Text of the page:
FCC chief calls for gigabit Internet in all 50 states by 2015
There should be at least one community per state with 1Gbps Internet, to drive innovation, Genachowski said
IDG News Service - Cities around the U.S. will have gigabit-speed Internet access by 2015 if the FCC's wishes come true.
All 50 states should have at least one community where consumers can get 1Gbps or faster Internet access by 2015, U.S. Federal Communications Commission Chairman Julius Genachowski said on Friday. Speaking at the U.S. Conference of Mayors Winter Meeting in Washington, D.C., he called the new push for fast networks the Gigabit City Challenge.
Gigabit-speed Internet access stimulates technology innovation and associated economic growth, Genachowski said.
"The U.S. needs a critical mass of gigabit communities nationwide so that innovators can develop next-generation applications and services that will drive economic growth and global competitiveness," Genachowski said, according to an FCC press release. He cited Google's new network in Kansas City and a fiber network built by a local utility in Chattanooga, Tennessee, where he said Amazon.com and other companies have created more than 3,700 new jobs over the past three years.
However, Genachowski's plans for helping to make those networks happen weren't very specific. He announced the FCC will create an online clearinghouse of best practices for raising the speed and lowering the cost of broadband, including on how to create gigabit communities. He proposed working on that clearinghouse with the Conference of Mayors. Genachowski also said the agency will hold workshops on gigabit communities, where broadband providers, state and local leaders, and others can work out problems in high-speed network creation.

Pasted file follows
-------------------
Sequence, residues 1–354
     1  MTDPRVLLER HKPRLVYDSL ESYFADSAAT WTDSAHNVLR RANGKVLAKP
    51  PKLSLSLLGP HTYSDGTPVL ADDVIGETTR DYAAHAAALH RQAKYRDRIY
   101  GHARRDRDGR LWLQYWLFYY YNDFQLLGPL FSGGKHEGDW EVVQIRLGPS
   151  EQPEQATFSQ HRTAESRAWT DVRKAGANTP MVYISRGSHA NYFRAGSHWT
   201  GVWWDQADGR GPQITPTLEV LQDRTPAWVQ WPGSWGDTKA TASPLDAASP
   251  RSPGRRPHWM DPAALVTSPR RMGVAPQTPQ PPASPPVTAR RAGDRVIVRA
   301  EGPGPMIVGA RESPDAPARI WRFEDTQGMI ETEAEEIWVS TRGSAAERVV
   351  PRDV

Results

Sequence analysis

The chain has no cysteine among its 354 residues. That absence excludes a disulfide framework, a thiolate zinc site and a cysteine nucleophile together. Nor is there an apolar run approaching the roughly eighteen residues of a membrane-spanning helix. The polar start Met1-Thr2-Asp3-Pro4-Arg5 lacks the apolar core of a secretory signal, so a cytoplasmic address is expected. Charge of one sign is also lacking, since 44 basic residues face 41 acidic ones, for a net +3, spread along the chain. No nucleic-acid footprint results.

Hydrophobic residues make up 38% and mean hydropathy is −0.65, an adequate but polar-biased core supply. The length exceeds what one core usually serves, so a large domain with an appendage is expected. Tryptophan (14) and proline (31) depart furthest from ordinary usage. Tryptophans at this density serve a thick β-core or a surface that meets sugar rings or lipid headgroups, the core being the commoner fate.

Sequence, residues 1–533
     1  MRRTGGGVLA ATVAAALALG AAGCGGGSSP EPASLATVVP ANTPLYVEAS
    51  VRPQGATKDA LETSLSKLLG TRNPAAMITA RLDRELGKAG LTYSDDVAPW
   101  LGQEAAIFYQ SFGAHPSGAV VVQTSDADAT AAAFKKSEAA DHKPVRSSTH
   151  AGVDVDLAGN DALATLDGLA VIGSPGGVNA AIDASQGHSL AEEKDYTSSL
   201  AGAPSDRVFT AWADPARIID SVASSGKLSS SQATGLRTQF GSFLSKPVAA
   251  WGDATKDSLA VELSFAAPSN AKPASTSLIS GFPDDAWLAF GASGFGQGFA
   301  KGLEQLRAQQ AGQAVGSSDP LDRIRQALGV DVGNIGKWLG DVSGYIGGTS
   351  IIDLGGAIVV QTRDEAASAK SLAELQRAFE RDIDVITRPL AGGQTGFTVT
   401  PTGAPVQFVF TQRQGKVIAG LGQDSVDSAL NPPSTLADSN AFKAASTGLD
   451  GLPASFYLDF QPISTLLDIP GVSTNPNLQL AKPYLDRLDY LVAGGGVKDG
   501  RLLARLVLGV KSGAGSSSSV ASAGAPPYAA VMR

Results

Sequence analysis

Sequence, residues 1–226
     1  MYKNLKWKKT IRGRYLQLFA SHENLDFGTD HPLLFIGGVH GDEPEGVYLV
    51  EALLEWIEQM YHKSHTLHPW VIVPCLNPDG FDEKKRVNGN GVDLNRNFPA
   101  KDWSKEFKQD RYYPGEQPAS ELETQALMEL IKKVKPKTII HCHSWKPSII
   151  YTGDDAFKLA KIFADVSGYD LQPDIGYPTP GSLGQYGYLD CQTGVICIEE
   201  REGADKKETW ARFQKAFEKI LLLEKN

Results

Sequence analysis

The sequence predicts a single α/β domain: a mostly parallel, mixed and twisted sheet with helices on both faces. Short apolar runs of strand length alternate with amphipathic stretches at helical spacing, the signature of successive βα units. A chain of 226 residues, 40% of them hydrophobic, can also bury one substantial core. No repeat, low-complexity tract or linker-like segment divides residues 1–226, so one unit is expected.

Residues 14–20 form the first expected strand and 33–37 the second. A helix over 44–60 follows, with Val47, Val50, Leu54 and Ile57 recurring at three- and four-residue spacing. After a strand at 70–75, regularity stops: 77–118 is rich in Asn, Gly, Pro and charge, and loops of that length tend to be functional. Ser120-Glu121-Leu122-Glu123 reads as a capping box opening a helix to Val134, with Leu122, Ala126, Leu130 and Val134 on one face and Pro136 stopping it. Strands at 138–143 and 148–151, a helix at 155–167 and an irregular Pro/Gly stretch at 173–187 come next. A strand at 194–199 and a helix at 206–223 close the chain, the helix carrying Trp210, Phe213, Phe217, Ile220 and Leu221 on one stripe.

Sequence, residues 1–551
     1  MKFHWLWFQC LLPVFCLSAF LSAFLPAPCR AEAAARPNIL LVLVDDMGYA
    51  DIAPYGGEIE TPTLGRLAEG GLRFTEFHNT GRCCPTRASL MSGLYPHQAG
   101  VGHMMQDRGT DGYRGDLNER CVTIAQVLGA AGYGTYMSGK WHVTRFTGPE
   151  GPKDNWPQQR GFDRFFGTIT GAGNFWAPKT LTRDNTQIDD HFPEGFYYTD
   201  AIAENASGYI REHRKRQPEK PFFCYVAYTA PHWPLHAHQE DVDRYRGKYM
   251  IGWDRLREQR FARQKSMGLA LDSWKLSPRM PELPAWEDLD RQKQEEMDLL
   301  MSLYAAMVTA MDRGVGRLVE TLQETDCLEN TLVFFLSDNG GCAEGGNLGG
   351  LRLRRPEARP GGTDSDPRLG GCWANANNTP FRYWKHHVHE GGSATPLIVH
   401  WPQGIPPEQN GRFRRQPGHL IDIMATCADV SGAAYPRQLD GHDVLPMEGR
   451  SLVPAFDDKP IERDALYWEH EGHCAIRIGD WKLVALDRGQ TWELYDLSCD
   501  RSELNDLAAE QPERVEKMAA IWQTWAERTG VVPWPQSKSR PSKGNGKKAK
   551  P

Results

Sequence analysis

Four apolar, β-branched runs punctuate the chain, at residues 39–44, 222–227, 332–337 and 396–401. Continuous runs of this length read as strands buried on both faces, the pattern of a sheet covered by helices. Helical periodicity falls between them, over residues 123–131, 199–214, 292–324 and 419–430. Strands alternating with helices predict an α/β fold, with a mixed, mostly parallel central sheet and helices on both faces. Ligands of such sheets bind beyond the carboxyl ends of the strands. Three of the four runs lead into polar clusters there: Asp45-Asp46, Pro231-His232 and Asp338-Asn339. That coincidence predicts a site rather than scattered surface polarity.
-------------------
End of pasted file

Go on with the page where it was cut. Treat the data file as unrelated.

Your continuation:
Citing a statistic from the Fiber to the Home Council, a group of organizations and service providers offering fiber Internet, Genachowski said there are about 42 communities in 14 states that have "ultra-high-speed" fiber Internet access. Those services allow users to watch high-definition video, make video calls and participate in immersive educational experiences, he said.
The quality of Internet access varies widely among regions of the U.S. Residents of large cities typically have a choice of high-speed service providers, while some rural areas have few options for broadband apart from satellite. Few areas have gigabit-speed services available to consumers or small businesses.
Google's network in Kansas City, Missouri, and its neighboring city of the same name in Kansas, drew wide attention even before it was built out. In 2010, the company asked for applications from any community that wanted a gigabit-speed network, and it received so many applications it had to delay its decision.
In areas that qualified through residents applying for the service, Google is offering the 1Gbps service for US$70 per month, or $120 with TV. Residents in those areas can also choose free 5Mbps service as long as they pay $300 for the necessary equipment. Google's project has benefitted from some big public concessions in the Kansas City area, including free access to light poles for hanging fiber cables and an exemption from some fees, some observers have said.
Carriers and cable operators have fought some fiber efforts by local governments and utilities, saying they put established service providers at a disadvantage. Verizon CEO Lowell McAdam said last week at the International CES trade show that his company has the network platform in place to offer 1Gbps service on its FiOS fiber service.
This isn't the federal government's first step to help foster fast fiber networks. The FCC's Broadband Acceleration Initiative is working to streamline legal access to utility poles and rights of way for fiber, and the National Telecommunications and Information Administration's Broadband Technology Opportunities Program is providing back-end fiber infrastructure to help feed the networks that reach consumers.
This state transportation department uses computer science students from a local university as programming interns, and everyone is happy with the arrangement -- until one intern learns how to bring down the mainframe.
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